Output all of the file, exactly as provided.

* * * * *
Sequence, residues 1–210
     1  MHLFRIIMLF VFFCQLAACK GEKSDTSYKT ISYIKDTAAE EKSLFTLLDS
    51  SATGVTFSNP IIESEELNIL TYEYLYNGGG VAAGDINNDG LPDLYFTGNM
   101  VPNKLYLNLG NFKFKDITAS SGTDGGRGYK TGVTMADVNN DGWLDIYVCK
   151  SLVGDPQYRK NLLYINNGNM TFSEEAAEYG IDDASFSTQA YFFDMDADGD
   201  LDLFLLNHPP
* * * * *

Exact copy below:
Sequence, residues 1–210
     1  MHLFRIIMLF VFFCQLAACK GEKSDTSYKT ISYIKDTAAE EKSLFTLLDS
    51  SATGVTFSNP IIESEELNIL TYEYLYNGGG VAAGDINNDG LPDLYFTGNM
   101  VPNKLYLNLG NFKFKDITAS SGTDGGRGYK TGVTMADVNN DGWLDIYVCK
   151  SLVGDPQYRK NLLYINNGNM TFSEEAAEYG IDDASFSTQA YFFDMDADGD
   201  LDLFLLNHPP